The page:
If there’s one thing director Brett Haley and his writing partner Marc Basch are great at, it’s creating terrific roles for the septuagenarian set, a segment of the acting community that’s mostly forgotten by Hollywood. Take their 2015 hidden gem I’ll See You in My Dreams, a comedic drama that starred Blythe Danner and veteran character actor Sam Elliott as romantic leads. The role was a particularly long time in coming for Elliott. If anyone’s paid their dues, it’s this charismatic cowpoke with his brush-like mustache, thick mane of gray hair and deep drawl that’s instantly recognizable from the voiceovers he’s provided for numerous ad campaigns. He began his career with a bit part in George Roy Hill’s classic 1969 Western, Butch Cassidy and the Sundance Kid, where he played opposite Paul Newman and Robert Redford as “Card Player #2.”
Despite that humble beginning, the 72-year-old Elliott has carved out a nice career for himself, memorably appearing in supporting roles as Virgil Earp in 1993’s Tombstone and The Stranger in the 1998 Coen brothers favorite The Big Lebowski. But it’s here in Haley’s latest film, the charming comedic drama The Hero, that Elliott plays the role of a lifetime. He’s the romantic lead and the star of the picture, exuding charm with an easygoing grin and a twinkle in his eye that makes his character’s buried emotional depth all the more powerful when it’s revealed.
Elliott plays Lee Hayden, and if you’re a fan of classic movie tough guys, you’d be correct in assuming this role was also conceived as a tribute to a couple of heroes of co-writers Haley and Basch: Lee Marvin and Sterling Hayden. Unlike those imposing figures from the Hollywood of yore, Elliott’s Hayden hasn’t been so successful. Although he’s known for his titular role in a fictional Western called, yes, The Hero, Lee hasn’t landed a role in quite some time; when we’re introduced to him, the best work he can find is behind the scenes, providing voiceovers. However, Lee’s estimable voice is being wasted on a two-bit campaign for “Lone Star Barbecue Sauce, the perfect pardner for your chicken,” a long way from Elliott’s internationally recognized voiceover work for Dodge and Coors.
Frustrated as he drives home from a humbling day taking direction from a faceless nobody in the recording booth, Lee receives a phone call from his agent. But the call isn’t about an acting job; Lee is informed that he’s been offered a Lifetime Achievement Award from a group calling themselves the Western Appreciation and Preservation Guild.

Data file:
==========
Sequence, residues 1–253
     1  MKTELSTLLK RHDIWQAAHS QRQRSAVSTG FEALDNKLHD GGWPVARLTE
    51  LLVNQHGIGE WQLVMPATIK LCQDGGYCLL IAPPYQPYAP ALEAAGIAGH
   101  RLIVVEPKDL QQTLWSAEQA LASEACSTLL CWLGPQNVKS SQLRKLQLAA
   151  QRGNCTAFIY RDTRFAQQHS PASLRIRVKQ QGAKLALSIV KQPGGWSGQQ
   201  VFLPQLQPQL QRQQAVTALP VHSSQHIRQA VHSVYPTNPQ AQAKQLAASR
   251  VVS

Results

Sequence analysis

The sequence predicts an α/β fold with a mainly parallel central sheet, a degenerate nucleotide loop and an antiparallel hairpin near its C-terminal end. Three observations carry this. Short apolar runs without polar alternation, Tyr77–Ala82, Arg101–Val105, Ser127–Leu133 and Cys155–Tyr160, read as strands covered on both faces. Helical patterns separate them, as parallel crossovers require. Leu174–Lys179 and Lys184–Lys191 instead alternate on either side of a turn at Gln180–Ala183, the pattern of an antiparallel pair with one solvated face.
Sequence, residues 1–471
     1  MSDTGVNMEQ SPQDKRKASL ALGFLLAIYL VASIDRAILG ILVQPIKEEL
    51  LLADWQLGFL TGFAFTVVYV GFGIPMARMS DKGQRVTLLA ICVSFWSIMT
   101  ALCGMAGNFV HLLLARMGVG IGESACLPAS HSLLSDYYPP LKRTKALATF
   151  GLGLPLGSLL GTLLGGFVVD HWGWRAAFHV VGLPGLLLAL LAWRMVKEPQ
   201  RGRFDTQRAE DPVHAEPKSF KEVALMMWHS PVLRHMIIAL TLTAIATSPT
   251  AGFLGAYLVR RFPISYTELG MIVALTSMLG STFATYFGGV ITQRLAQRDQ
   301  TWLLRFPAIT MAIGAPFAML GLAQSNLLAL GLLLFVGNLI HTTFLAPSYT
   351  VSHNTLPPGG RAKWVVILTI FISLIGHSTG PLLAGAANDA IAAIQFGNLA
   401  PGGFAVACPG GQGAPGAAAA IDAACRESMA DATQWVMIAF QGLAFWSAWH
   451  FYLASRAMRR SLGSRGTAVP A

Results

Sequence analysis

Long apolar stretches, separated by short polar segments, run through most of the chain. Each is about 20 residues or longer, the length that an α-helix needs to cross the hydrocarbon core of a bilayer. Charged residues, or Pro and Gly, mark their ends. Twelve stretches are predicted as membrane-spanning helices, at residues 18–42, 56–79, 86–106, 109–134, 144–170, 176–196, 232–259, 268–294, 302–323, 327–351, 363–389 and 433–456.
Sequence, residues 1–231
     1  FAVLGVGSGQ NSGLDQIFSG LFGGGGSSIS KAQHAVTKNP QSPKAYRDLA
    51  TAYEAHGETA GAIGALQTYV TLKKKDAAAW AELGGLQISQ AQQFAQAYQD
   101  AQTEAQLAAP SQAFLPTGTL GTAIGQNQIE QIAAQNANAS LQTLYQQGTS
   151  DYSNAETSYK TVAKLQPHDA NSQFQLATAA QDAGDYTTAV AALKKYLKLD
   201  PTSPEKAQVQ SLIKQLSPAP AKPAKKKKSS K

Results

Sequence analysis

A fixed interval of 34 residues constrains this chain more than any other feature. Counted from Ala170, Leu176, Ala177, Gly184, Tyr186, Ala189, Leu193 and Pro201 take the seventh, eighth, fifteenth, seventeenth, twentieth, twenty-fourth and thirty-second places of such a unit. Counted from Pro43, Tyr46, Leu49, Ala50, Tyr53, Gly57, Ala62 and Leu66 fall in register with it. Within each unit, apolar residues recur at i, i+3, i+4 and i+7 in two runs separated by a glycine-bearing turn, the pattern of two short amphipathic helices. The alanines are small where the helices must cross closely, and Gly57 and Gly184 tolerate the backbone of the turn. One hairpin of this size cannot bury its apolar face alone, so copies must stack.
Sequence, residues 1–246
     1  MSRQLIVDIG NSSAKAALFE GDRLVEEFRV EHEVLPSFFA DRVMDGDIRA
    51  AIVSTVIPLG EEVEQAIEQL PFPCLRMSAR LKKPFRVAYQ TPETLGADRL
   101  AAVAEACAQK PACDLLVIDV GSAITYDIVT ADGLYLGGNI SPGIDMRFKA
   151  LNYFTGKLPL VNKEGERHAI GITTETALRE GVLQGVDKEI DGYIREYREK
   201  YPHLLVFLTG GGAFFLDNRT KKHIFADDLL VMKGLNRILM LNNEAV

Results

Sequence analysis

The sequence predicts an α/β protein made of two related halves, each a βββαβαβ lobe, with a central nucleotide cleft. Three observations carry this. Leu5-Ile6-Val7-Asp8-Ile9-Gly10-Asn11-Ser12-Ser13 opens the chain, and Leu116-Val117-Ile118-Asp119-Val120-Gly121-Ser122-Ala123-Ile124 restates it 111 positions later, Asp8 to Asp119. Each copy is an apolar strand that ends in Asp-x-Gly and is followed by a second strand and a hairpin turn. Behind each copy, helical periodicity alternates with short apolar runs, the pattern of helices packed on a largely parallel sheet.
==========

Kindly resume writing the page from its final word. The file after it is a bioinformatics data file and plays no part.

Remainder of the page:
“Lifetime, eh?” the 71-year-old Lee says, aware that he’s nearing the end. How near, he couldn’t have imagined, however. Lee’s next piece of news is the pancreatic cancer diagnosis that provides the dramatic engine that drives the film.
The existential crisis that follows finds Lee hiding his illness from those closest to him and denying it even to himself, delaying treatment as he struggles with his legacy—or perceived lack of one. Faced with a potential death sentence, Lee visits his ex-wife, Val (Elliott’s actual wife of 33 years, The Stepford Wives’ Katharine Ross), on his way toward an attempted reconciliation with his estranged adult daughter, Lucy (Krysten Ritter, star of Netflix’s Jessica Jones). But before their dinner date can take place, much pot will be smoked at the home of Lee’s best friend and dealer, Jeremy Frost (Parks and Recreation’s Nick Offerman), who co-starred in his youth with Lee on a fictional TV series named Cattle Drive, playing a “cocky kid who stole the wrong man’s horse.” Presumably, that man was Lee’s gunslinger, hero of a show that lasted only 13 episodes.
It’s also through Jeremy that Lee meets standup comic Charlotte Dylan (Orange Is the New Black’s Laura Prepon), who pops by Jeremy’s place to buy a bag. Soon, Lee’s “sad old pothead” is spending his days (and nights) with this woman who’s not much older than his daughter as he gradually comes to discover what’s important. It’s an overly familiar plot arc that’s been in use since at least 1952, when legendary Japanese director Akira Kurosawa deployed it in his humanistic masterpiece, Ikiru (To Live).
And while Haley’s film fumbles a bit of the profundity and lacks the unique structure that helped make Kurosawa’s great, Elliott proves himself nearly equal to the talents of Takashi Shimura, the actor who anchored Ikiru with his haunted presence. Nevertheless, even if Haley is treading through the work of others—and even himself, given some surface similarities to his superior I’ll See You in My Dreams—he’s doing so with great empathy and affection for his characters. It’s a deft touch you won’t often find in films starring actors half Elliott’s age. ◆
The Hero ***
Starring Sam Elliott, Laura Prepon, Nick Offerman, Krysten Ritter, Ali Wong, Cameron Esposito, Doug Cox, Max Gail, Jackie Joyner, Patrika Darbo, Frank Collison, Andy Allo, Linda Lee McBride, Christopher May, Demetrios Saites and Katharine Ross. Written by Brett Haley and Marc Basch. Directed by Haley. At Kendall Square.